Madame, je vous remerci pour la précise enquête sur le destin de bin Laden. En fait je partage votre conclusion...ça fait déjà plus d'un an. Ce n'est pas une opinion personnelle car cette conclusion que bin Laden est probablement est forte repandue à travers la bloguesphère surtout anglophone.
Over at Iain's blog Kristen posted an article on why anti-Americanism is rampant throughout the world. I suspect this article sheds some light. As long time readers know, I've been quite critical of the America's discouragement of preserving the neo-Americans' mother tongues. Indeed, as Revel has pointed out, American high culture is dangerously provincial in contrast to what it was 30 years ago.
Even the publishing companies have to find a professor of the foreign language to translate non-English books. Like Revel says that's not the really appropriate. The teacher might be excellent at imparting the language but that doesn't make him or her a translator able to bring out the nuances of the books.
The academics, writers, journalists and broadcasters today only have a superficial grasp of the world. More importantly, I'm not impressed by the depth or level of American pundity on the various talk shows. I find they rehash cliches and restatement of facts,. Their debates are dull and insipid.
I agree with Diday's citation to the effect that many winnes of the Nobel literature prizes are unknown to Americans. I'm vaguely familiar with them because I read the Avui's Supplement cultural every Thursday.
So how does the dearth of translated books in America lead to anti-Americanism? One factor is good ol' fashioned resentment due to a lack or reciprocity. Everyone assiduously follows American culture but Americans don't bother the rest of the world. Another is the perceived crassness of American culture. No I'm not necessarily referring to the hoary clichés of Starbucks or Americans dressed in jeans at the Opera; but rather, the crassness goes back to the provincialization of American literature. Because many of the contemporary American writers have become insulated from the wider cultural and intellectual influences, there a certain homogenity in their writings. Interesting as they are as chronicles of Americans life, most works don't delve very deeply on the pressing issues of our day.
Finally, there's incredulity. A lot of authours and readers from the rest of the world sometimes ask themselves how pedestrian writers make hundreds of millions of dollars for essentially 'disposible literature' Let's face it as much as I enjoy reading Tom Clancy as summer lit, people won't be reading him in 50 years. The books will come across as quaintly dated; while books by Kundera, Mahfouzh and Kadare will be read until humans no longer exist.
In any case, I shook my head at the news tat the U.S. will delay its free trade treaty with Chile as revenge over its opposition to the Iraqi war for failure to get a second UN resolution. I shook my head. It looks like the present administration isn't only boneheaded in its diplomacy, its committment towards free trade is increasingly hollow rhetoric.
The Chilean government is undoubtedly scratching its head. Of all the Latin American countries, Chile has been a relative success story not just with respect to reestablishing a democratic polity but also for having one of the more market-oriented economy. The delay will do more than just hurt the Chileans and put yet another obstacles in the Free Trade of the Americas treaty. Latin America will experience yet another period of beign neglect from the Americans. That's egregious because the societal chaos in Argentina, the political instability in Venezuela and the lawless in the Triple Border region should be a cause of deep concern to the American administration with respect to domestic security. A prosperous Latin America with a strong democratic polity and a vibrant civil society is in America's long term interest as the Southern Hemisphere would play an important role on the ongoing war on terrorism by preventing terrorist cells or hostile 3rd country government from infilitrating Latin American countries to hit the U.S. from the rear; as well as showcasing that free trade really does benefit the poor countries. Kind of hard to shriek death to Amercia if your life prospect dramtically improve before your eyes.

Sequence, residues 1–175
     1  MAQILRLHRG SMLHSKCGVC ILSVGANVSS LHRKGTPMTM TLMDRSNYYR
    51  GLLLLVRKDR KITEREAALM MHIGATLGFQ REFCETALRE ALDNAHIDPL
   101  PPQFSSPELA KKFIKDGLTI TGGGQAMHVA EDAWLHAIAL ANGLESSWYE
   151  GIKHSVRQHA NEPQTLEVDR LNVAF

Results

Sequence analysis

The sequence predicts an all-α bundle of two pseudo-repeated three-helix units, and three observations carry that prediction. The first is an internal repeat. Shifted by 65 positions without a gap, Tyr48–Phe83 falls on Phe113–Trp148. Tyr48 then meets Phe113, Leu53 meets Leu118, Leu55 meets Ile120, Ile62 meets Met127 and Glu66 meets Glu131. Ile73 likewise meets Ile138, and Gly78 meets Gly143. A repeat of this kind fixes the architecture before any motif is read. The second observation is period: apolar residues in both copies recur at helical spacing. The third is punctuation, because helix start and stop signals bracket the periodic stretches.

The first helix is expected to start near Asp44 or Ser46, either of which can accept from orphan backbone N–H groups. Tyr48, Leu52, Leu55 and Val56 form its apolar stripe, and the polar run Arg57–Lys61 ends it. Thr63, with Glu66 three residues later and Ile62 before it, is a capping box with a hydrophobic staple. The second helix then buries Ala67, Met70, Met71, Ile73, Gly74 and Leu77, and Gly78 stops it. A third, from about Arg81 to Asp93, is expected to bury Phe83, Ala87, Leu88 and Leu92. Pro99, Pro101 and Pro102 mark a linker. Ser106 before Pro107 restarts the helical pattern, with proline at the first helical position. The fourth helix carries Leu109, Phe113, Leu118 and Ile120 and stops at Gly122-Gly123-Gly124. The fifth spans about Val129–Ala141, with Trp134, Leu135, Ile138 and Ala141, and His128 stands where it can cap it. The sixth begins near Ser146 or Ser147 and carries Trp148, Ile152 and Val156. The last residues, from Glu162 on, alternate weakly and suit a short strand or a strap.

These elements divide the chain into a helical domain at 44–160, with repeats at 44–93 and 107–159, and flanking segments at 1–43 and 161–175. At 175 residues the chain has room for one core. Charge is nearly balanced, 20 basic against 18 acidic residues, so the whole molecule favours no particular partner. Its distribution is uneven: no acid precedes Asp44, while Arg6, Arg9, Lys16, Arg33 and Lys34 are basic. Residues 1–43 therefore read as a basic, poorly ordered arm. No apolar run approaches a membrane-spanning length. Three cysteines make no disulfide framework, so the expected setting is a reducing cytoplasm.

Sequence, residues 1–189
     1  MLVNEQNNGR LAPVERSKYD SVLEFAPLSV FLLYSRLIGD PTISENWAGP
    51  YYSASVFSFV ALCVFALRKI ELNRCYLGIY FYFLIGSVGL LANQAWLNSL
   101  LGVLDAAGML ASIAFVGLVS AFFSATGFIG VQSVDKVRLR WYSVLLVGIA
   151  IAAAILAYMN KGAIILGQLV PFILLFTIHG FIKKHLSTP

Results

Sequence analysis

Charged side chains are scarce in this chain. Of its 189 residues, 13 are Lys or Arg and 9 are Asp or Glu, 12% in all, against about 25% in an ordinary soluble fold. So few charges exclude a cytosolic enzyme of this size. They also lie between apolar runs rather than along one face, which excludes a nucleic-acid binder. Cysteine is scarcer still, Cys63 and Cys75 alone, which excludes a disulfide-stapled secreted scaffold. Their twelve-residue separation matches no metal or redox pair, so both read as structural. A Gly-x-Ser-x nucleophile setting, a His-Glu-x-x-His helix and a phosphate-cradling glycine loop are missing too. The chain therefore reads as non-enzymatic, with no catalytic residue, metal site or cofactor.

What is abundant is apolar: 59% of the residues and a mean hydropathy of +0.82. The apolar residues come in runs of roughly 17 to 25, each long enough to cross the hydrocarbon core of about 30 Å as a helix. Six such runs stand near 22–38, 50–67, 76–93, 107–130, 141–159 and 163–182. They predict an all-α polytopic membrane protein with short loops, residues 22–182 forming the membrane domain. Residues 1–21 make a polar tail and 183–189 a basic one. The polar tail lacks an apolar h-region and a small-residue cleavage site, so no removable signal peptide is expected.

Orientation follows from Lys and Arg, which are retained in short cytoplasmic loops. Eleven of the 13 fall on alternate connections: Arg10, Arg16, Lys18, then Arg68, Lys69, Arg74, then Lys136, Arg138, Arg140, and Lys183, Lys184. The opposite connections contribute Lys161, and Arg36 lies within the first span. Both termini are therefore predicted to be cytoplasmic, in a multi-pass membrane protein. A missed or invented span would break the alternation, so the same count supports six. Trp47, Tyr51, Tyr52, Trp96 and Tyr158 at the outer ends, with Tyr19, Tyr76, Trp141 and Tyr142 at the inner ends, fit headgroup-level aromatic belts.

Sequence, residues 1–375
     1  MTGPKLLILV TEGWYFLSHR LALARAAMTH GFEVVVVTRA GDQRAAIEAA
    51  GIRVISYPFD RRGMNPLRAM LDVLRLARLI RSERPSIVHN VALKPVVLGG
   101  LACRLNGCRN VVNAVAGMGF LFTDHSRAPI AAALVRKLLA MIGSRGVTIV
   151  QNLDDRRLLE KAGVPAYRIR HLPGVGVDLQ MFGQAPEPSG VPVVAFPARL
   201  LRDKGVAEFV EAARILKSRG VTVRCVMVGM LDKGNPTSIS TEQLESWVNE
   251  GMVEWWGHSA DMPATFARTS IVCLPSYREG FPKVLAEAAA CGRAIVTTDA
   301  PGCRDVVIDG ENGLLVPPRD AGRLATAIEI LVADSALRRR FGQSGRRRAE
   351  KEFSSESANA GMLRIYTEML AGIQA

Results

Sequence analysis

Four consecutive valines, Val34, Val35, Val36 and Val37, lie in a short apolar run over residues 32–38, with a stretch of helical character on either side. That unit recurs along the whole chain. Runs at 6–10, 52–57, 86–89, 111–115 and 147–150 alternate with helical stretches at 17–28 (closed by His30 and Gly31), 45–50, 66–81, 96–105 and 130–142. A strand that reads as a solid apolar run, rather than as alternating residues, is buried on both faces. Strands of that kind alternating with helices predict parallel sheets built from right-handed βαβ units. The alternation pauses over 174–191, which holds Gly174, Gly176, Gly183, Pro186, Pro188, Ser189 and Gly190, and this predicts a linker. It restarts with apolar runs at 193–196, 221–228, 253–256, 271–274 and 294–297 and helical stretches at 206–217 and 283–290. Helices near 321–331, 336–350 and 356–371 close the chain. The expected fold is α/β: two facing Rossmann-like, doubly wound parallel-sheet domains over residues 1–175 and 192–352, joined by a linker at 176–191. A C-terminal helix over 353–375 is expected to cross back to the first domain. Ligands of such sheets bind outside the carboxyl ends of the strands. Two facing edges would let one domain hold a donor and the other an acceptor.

Unfortunately, the American administration is slowly but inexorably fritting away its coalition and will reinforce those voices within and without the coalition to argue, somewhat reasonably, that America is to be mistrusted. Other countries are also reassessing their relationship with the U.S. and may conclude that it's not just worth the aggravation to oppose the Americans no matter what those countries do. So they'll scale back their relations with America.
L'article de Marcela Sanchez exprimeix bastant bé com els aliats tradicionals- América Llatina en aquest cas- estan confosos de què exactement ha canviat en les relacions hemisfèriques.
Desafortunadament, els oficials americans no han explicat pacientment que d'ara endavant els EE UU se sent tan vulerable com els més vulnerable dels veïns llatinoamericans. Doncs, tots aquells països hauren no sols hauran d'aumentar la seguritat de llurs propries fronteres ans també hauran de prendre més inciatives a vigilar que entre i surt de llurs països hi inclòs intervenir més activament, en la regió.
Aqueixos consells excepte l'últim que toca un punt nevralic de no-interfència en els afers domestics d'un pais, sont bastant raonable i àdhuc lloable; tanmateix, l'administració Bush presumeix que tots el països llatinoaméricans implentarien aquests consells de manera automàtica i per autonomàsia. No fou així car era els Estats-Units que havia sufret l'atac no els. Ademés, molts països latinoaméricans tenen llurs propris problemes que l'administració descuida. Es a veure com evolucionara la situació.